No image library. They are integrated with a couple of pay services, but there’s no on-site image storage. This is a real pain.

Learning Curve. The interface is not all that intuitive. That’s where their knowledge base comes in handy. But once you get the hang of it, it’s very powerful.

Slow. Now, maybe it’s my shit internet connection in Italy, but the process of making changes and looking at pages in the editor seemed slow to me.

Runner up: Gutensite.

I spent a lot of time with Gutensite. Their templates are beautiful and artful, the interface is great, they have blogs, a wonderful system of image and media storage. For example, when you upload an image, it keeps it in a category, and when you wish to add it to a page, the library is right there.

The only real thing that kept me from using it was that for about the same price as Squarespace, there is a 25 page limit.  There is also a lot less integration with other services. If, however, you can live with 25 pages, they have a free version with their logo, and the $16 per month version with no ads. 

There is practically no customer support for the free version, but the pay version has email support. And the crew there seemed very nice and interested in my business. I may reconsider if they come off the page limit.

The other thing is that they require you to publish your email on the site you create. This may not matter to some people, but I didn't want to do it. They said they would waive it if it was a deal breaker, to their credit. But it seems like some silly requirement based on some strange philosophy they have.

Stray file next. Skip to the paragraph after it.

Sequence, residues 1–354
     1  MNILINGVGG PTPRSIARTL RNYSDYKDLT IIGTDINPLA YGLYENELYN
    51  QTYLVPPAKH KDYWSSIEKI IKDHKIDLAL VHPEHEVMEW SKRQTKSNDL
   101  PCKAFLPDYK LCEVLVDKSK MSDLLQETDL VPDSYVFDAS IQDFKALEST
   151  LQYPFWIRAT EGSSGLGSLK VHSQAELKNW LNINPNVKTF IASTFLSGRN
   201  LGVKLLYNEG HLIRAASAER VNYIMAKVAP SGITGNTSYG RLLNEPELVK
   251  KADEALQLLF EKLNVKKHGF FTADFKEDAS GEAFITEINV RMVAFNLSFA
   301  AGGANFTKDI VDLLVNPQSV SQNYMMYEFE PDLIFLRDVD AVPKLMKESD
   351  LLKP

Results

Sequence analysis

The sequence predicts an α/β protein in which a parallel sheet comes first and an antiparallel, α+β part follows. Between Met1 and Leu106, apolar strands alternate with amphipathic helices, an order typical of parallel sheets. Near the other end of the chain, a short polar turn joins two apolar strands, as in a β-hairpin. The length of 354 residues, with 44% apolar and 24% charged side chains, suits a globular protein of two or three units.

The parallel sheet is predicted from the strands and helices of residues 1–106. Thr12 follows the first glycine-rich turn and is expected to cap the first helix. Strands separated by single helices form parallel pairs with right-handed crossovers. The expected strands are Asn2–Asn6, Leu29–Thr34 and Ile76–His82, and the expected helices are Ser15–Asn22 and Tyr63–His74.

The others: 

Weebly. I found the iterface to be geared toward kids. Couldn’t get past it.

Wix. Wix is also geared toward very young people, but once I got past the horrible pictures of teenie-boppers, it had a serious enough interface, so I gave it a try. The great thing is that they have a WYSIWYG drag-and-drop interface that makes your design perfectly flexible. You can put anything anywhere. 

Customer service is poor. Basically, a forum, as I mentioned above, and not very knowledgeable, so far as I could tell. A lot of the help information (which is pathetic as it is) relates to the old flash version. For example, I could not figure out how to set up a blog. There was info and instructions, which I beat my head against the wall trying to figure out. Turns out, the present version does not support blogs. The info is NA.

HTML does not allow access to outside links. I have HTML for share buttons, but they don’t work in Wix. That was the deal breaker, even if they had blogs.

No Blog. This I can't believe. They are presenting themselves as hip and modern and cool, but they don't have an integrated blog.

They have a lot of “apps,” but they are designed primarily to get more money from you for what is really basic functionality. And they want your personal data. And for the most part, they suck.

I tried numerous others, but found them all to be either too expensive, too clunky, too hard to use, no free trial, or geared toward kids. Squarespace, with all its failings, is the best I found. If they had an image library, and you were able to index all your blogs separately, it would be nearly perfect.